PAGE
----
The factors affecting how a website gets ranked in search engine result pages often change, making it difficult for the majority of professionals — even those directly responsible for their company’s online acquisition and retention efforts — to keep pace.
However, even with the ever-changing digital landscape, there are four immediate developments affecting every digital business today. Let’s explore the search engine optimization (SEO) trends (specifically, the SEO developments having a direct impact on an online company’s bottom line) that every professional should know.
On April 21, 2015, Google updated its algorithm, with the clear intent of giving mobile-friendliness a greater impact on how it delivers search results to users. The term “mobilegeddon” was coined because many feared (and are still holding their breath) that their website’s rankings would plummet if they did not have a mobile-optimized website.
In reality, however, most who knew about mobilegeddon likely took the necessary steps to avoid losing organic search traffic — in fact, Google reports a 4.7 percent uptick in the proportion of sites that are mobile-friendly in just the two months since it announced this change.
For the unfamiliar, Google has been making strides for quite a while (years, really), encouraging website owners to implement a website design that would cater to a user regardless of which device he or she is accessing. This is because Google’s stated goal is to provide users with the most relevant, high-quality results possible; a non-optimized website, on the other hand, forces users to resize (often clumsily) the content on a Web page, frequently leading them to abandon the page altogether.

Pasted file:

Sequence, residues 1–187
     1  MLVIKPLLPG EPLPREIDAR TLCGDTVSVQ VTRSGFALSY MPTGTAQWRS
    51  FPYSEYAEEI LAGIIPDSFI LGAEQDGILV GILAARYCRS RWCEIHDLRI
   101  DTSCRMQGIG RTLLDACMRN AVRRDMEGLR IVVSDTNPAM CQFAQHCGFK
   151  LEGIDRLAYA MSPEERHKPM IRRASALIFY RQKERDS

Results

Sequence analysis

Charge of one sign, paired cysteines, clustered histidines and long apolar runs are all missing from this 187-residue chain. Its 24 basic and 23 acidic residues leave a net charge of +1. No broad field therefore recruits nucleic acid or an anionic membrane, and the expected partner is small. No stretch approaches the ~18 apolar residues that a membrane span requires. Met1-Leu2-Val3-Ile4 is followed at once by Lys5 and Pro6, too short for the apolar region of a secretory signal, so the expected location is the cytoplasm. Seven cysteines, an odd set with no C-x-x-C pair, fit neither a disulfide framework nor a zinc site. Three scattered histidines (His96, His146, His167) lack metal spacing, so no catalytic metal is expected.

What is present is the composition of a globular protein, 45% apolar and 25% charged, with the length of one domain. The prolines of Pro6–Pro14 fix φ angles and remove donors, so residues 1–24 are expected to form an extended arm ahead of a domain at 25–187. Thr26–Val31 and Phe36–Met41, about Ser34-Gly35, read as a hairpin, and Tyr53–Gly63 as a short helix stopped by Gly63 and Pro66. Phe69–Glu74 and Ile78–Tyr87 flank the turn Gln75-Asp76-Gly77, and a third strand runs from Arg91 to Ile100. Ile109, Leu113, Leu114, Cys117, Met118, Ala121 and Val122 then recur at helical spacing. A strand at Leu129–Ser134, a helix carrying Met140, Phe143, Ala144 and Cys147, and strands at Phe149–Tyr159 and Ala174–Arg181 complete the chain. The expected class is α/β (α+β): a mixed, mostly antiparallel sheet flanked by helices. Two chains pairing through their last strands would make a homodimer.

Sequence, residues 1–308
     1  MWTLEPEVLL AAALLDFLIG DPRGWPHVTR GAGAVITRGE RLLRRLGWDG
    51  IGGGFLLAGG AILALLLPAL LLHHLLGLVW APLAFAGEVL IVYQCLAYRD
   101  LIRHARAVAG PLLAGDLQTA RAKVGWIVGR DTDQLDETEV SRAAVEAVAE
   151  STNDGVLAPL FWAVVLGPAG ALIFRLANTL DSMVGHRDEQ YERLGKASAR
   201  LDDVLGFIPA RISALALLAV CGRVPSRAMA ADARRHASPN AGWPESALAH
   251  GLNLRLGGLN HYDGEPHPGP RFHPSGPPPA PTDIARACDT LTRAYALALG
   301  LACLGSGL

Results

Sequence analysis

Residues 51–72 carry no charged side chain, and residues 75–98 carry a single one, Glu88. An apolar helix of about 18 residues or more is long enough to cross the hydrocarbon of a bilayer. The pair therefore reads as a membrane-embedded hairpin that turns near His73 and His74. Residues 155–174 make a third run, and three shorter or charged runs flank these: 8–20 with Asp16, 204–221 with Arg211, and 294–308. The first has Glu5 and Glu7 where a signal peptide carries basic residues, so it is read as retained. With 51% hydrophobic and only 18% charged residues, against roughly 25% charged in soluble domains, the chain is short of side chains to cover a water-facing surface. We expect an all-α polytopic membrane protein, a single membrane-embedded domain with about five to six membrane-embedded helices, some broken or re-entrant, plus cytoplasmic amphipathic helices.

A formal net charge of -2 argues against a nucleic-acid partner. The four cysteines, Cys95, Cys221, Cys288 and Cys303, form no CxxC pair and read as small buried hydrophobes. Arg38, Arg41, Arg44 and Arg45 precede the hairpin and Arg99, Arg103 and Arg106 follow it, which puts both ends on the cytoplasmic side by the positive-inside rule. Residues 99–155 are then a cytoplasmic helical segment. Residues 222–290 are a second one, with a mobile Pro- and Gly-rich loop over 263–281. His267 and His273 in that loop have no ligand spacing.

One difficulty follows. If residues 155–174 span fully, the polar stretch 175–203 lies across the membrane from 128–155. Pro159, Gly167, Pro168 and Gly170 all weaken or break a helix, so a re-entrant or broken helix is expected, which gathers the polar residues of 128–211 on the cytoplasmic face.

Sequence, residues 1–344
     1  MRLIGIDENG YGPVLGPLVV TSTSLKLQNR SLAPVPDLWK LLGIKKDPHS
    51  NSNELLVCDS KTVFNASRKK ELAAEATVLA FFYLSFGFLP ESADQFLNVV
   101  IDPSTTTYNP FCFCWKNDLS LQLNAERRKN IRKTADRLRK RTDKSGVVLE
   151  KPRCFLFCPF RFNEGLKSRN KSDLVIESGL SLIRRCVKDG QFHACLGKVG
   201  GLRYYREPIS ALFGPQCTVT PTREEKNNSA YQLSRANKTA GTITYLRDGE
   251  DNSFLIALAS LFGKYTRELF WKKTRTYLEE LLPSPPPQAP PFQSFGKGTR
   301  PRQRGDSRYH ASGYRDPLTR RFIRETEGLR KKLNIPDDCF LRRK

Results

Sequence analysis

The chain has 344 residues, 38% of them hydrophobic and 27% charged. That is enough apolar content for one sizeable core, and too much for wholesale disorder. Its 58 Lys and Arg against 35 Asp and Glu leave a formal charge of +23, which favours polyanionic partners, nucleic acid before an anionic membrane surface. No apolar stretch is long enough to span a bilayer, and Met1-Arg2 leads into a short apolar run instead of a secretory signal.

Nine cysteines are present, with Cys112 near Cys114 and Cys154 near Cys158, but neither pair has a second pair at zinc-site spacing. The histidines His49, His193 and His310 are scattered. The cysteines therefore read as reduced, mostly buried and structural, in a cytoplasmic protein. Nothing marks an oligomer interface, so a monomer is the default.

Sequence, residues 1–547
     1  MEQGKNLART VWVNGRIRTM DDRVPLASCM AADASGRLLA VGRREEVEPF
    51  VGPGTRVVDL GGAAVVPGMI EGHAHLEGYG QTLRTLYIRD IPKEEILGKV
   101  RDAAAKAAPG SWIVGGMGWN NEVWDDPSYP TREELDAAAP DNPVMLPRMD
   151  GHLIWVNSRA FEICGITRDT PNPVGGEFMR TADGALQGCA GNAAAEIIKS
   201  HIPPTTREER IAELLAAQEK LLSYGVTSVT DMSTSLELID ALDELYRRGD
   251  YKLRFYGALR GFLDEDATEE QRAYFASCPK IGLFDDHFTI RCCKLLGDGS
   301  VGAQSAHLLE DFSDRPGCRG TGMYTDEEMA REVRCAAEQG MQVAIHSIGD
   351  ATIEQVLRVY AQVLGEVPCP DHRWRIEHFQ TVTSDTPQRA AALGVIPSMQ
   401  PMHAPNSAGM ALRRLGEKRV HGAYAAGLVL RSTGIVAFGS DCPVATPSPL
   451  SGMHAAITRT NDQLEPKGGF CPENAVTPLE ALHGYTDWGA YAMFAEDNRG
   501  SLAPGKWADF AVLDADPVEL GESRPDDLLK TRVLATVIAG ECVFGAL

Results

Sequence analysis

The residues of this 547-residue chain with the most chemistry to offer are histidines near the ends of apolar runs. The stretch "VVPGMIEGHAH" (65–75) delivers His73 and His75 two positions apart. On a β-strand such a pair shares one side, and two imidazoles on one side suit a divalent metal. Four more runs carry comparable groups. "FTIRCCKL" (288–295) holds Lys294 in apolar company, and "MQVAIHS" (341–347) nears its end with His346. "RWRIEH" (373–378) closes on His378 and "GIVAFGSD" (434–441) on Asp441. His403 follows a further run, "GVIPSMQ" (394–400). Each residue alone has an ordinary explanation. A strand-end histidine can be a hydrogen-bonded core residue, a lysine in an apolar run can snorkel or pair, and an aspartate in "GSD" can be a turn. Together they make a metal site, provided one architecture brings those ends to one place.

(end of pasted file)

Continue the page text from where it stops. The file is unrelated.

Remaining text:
What’s more, Google recently reported that more than half of searches are made from mobile devices. Not having a website that caters to these users does not bode well for a website’s search rankings or user experience, as the two tend to go hand in hand.
While Google’s recommendation is “Responsive Web Design” (RWD), an approach that conforms to the device being used, the other primary option is to create a dedicated mobile website. Professionals can see the difference between the two in a couple different ways.
For example, from their mobile device, they can go to a popular website like Sears.com. They will notice (a) the website is optimized for their mobile devices, as in there is no need to expand content or “pinch and zoom” to make it readable and (b) that the URL has changed from sears.com to m.sears.com. This is the biggest indication that Sears offers a “dedicated mobile website” (rather than Responsive Web Design – which uses the same structure, but recognizes the device type). Users can check to see if a website is using responsive Web design by going to a popular website (even from their desktop computer) like Starbucks.com, and simply re-sizing their browser to the size of a smartphone screen.
Takeaway: There is a lot to learn about mobile-optimized design as it relates to both user experience and search rankings, but the key point every professional should know: if their respective company does not offer a website that caters to all users, regardless of device (desktop, smartphone, tablet and even emerging wearable technologies) then their brand reach will plummet. The reason: their website will not be delivered to mobile users in the search engine result pages (SERPs), which is where the online journey of the majority of consumers begins.
Starbucks uses responsive design, which can be seen when a user resizes their desktop browser to the size of a smartphone screen and the URL does not change.
Google My Business